A federal judge has reversed a state law, making it unconstitutional for territories to vote to leave their home school district, impacting Bowling Green City Schools.

U.S. District Court Judge Michael H. Watson made the ruling Friday. In his decision, he sided with Plain Local Schools, which filed a lawsuit in November against a neighboring village that wanted to leave the district.

In his 68-page order, he held that the fast-track transfer statute violated the Ohio Constitution’s one-subject rule, declaring the law unconstitutional and prohibiting its use.

This means the four townships that voted in August to leave Bowling Green City Schools in the 2021-22 school year will remain.

Rebecca Princehorn, with Bricker & Eckler, attended Tuesday’s school board meeting, which was held online.

The law was stricken as unconstitutional — not because of its substance but rather the process, she said.

“It stopped with the way the statute was passed,” and did not address any inequality claims, Princehorn said.

Under the Ohio Constitution, there is a one-subject rule. When this fast-track transfer statute was added into House Bill 166 (the state budget), it became unconstitutional.

“The court described this process to get the bill passed as ‘a mere rider that was tactically inserted into the must-pass budget bill, evading analysis and debate,’” she said.

That statute was removed from the budget bill and the defendants are permanently prohibited from taking further action, include approving any transfer proposals, she said.

“That does not mean the legislation could be reintroduced in the General Assembly as a standalone bill. It also does not mean the defendants can’t appeal this decision to a higher court,” Princehorn said. “What we’re in now is a limbo period.”

The transfers just stop, and that decision has been backed by Wood County Prosecuting Attorney’s Office.

“The defendants could appeal or ask for a stay,” Princehorn said. “But this puts things in limbo and whether or not the affected townships would want to engage in any negotiations for a formal agreement, when there is the possibility the decision will be sustained, is hard to tell.”

The townships have 30 days after the decision is rendered to file an appeal.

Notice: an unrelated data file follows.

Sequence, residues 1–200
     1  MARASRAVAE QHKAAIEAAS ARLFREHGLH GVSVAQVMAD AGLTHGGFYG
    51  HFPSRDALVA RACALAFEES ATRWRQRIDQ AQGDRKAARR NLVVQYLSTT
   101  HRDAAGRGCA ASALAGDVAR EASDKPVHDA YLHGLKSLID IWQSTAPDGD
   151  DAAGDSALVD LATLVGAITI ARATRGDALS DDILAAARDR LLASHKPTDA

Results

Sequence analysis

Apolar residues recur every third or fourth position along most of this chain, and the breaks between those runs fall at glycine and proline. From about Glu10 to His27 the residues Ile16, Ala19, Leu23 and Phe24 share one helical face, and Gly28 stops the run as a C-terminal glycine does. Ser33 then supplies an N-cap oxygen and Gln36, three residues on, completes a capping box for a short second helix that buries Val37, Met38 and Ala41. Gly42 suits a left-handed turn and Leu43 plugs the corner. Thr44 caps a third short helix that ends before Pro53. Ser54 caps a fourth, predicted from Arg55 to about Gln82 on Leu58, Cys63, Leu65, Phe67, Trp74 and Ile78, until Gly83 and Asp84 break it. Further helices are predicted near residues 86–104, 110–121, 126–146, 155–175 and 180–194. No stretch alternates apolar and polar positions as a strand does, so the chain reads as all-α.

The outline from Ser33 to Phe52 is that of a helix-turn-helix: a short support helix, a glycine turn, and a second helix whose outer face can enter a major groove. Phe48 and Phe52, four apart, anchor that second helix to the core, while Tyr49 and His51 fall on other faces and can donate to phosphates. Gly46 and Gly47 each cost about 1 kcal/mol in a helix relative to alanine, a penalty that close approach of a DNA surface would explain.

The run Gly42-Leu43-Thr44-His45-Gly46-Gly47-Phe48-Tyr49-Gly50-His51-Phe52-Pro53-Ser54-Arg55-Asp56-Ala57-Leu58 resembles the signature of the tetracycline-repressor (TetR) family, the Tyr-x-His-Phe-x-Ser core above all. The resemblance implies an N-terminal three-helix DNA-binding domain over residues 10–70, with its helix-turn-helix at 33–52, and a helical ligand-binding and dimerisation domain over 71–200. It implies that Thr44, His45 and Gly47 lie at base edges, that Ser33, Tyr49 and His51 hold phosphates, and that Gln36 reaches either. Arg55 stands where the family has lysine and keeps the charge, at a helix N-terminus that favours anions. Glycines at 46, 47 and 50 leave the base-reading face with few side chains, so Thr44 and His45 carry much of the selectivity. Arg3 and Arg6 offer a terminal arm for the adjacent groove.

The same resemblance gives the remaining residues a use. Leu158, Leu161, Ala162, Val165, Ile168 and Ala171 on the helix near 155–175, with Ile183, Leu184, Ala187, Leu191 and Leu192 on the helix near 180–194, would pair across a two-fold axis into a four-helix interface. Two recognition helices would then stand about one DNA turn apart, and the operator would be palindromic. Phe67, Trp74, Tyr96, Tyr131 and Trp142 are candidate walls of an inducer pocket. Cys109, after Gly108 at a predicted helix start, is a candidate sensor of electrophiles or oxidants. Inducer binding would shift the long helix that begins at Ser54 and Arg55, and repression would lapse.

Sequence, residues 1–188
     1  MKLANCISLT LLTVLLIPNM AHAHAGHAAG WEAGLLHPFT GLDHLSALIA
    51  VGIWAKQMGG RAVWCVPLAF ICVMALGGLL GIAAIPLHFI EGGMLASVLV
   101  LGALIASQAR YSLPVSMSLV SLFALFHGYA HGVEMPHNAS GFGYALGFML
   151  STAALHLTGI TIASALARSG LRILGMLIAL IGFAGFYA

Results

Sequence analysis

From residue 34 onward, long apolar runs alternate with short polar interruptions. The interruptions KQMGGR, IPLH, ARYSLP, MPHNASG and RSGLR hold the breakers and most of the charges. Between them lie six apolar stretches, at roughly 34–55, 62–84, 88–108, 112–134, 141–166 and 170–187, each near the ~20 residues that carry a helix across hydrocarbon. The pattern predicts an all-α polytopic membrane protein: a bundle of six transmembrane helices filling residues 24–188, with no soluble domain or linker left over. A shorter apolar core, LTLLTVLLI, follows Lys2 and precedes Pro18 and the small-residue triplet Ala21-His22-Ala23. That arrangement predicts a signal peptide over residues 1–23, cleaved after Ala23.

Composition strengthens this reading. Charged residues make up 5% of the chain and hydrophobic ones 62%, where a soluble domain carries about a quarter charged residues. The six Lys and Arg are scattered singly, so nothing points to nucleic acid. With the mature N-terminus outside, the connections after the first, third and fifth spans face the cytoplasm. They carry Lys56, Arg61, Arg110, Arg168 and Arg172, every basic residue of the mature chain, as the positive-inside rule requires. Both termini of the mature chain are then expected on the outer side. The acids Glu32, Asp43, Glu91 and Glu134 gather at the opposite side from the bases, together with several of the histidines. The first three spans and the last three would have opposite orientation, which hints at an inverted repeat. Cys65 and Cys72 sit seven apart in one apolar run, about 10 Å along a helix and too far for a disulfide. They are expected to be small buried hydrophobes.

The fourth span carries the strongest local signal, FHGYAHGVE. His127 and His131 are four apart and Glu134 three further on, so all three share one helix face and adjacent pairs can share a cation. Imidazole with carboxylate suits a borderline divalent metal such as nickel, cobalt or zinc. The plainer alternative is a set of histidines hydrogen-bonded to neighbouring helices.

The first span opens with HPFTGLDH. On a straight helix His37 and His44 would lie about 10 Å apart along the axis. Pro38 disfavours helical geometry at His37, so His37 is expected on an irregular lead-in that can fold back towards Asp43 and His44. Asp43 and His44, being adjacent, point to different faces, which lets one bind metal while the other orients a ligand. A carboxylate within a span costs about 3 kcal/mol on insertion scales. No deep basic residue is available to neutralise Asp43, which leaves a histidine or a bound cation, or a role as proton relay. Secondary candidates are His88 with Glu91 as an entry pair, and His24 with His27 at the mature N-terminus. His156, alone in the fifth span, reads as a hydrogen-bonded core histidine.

“This is really good, right?” said board member Norm Geer.

Geer, an attorney, said he was impressed by the logic of the judge.

“I think this judge was very aware this is a very controversial case. He took some extra steps to lay out the evidence how that helped him get to the decision he rendered,” Princehorn said.

Geer said it was not discussed whether the district would recover its legal fees in fighting the case.

“He basically called them out for sneaking around,” Geer said.

According to Business Wire, in his analysis, “Judge Watson examined the law’s controversial background stating its procedural history showed it was ‘tactically crammed into the budget bill to secure its passage for fear it might not garner enough votes if it was considered on its own merits.’

“He also noted that the law ‘upends decades of safeguards protecting both the quality of education of Ohio’s schoolchildren and racial integration. Within certain townships, the statute enables the unfettered transfer of communities, or potentially even individual streets or houses, to different school districts with no regard for educational implications or resulting racial isolation.”

On Aug. 4, four of eight townships approved transferring from Bowling Green City Schools to an adjacent school district.

The four territories that had petitions pass are Center Township #2 to Eastwood Local Schools, Richfield Township in Henry County to Patrick Henry Local Schools, Jackson Township to McComb Local Schools, and Plain Township #1 to Otsego Local Schools.

The results will be forwarded to the Ohio Department of Education.

The law allowed residents to change their home district through a petition and majority approval.

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